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Rare Diseases

Compassion in Medicine: Why Caring Matters

Gina Szajnuk

Co-founder and Executive Director for the Rare and Undiagnosed Network (RUN)

Ava Szajnuk, 12 years old, spoke to the students there. She has been through nine years of living in the world of the unknown. She has had four cranial surgeries and is shunt-dependent. She almost lost her vision and her life during the summer of 2013 to a subdural hygroma.

“I wish that being shunt-dependent was the least of my worries; unfortunately, it is not. I live with an undiagnosed autonomic neuropathy. I suffer from fatigue and pain every day. We have been told that we are 20-plus years ahead of science. I would love for the doctors to spend two hours in my body and tell me if they would be able to handle it for 20-plus years,” she said.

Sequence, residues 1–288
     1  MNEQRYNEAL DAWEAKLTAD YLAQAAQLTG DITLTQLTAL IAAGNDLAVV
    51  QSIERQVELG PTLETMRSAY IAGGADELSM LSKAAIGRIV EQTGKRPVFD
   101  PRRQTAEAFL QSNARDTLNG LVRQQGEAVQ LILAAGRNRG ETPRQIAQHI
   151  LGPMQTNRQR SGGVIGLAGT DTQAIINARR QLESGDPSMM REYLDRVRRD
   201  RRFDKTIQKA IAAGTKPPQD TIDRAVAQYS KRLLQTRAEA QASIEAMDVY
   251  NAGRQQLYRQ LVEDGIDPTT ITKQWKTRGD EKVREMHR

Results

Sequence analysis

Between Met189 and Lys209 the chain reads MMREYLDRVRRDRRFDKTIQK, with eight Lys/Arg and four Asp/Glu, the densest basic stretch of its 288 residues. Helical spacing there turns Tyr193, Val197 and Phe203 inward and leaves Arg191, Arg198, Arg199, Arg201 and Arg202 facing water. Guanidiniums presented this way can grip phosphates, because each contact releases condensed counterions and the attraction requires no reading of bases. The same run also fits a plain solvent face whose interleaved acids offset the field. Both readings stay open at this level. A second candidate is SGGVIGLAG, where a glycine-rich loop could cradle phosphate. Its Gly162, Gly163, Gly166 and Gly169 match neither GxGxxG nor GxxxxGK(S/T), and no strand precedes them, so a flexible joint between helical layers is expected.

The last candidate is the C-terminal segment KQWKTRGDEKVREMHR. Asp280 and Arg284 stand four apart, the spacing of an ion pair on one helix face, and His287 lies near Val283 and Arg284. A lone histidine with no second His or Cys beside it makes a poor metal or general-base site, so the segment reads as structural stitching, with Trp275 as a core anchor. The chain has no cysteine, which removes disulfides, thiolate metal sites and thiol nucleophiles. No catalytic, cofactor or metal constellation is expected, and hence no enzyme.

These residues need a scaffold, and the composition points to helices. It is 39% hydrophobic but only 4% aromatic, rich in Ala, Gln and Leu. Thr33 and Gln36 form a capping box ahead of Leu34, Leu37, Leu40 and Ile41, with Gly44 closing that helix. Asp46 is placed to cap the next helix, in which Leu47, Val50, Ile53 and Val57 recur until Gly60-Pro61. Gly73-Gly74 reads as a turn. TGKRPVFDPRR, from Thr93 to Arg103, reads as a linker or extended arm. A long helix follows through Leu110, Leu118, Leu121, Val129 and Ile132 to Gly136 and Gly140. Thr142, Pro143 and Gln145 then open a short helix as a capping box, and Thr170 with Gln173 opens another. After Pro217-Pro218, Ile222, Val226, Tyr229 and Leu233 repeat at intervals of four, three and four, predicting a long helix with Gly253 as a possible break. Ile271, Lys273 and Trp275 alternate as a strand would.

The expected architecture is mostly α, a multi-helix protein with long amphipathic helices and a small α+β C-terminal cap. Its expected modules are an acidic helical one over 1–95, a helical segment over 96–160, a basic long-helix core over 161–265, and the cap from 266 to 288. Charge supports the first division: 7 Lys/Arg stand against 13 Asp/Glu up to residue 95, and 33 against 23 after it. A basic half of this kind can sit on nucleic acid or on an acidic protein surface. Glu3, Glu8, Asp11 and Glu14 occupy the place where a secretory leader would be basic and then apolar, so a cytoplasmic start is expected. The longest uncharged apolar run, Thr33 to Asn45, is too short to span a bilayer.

We hope all medical students consider being a geneticist. You are the future for our undiagnosed community. We need your help and your expertise.

The importance of empathy-driven care

We know all medical students are aware of the Hippocratic oath. An oath, as future physicians, you will take: “First, do no harm.” In the world of undiagnosed rare diseases, doctors can sometimes do harm with their lack of empathy, curiosity, or drive to figure out the problem patients.

We truly hope the next time you meet someone that does not feel well, you will listen with compassion and you will tell them that you believe them. We hope you will say that you will do everything in your power to help them.

How you treat patients, outside of the science, is crucial to giving hope to these families living in the world of the rare and undiagnosed.

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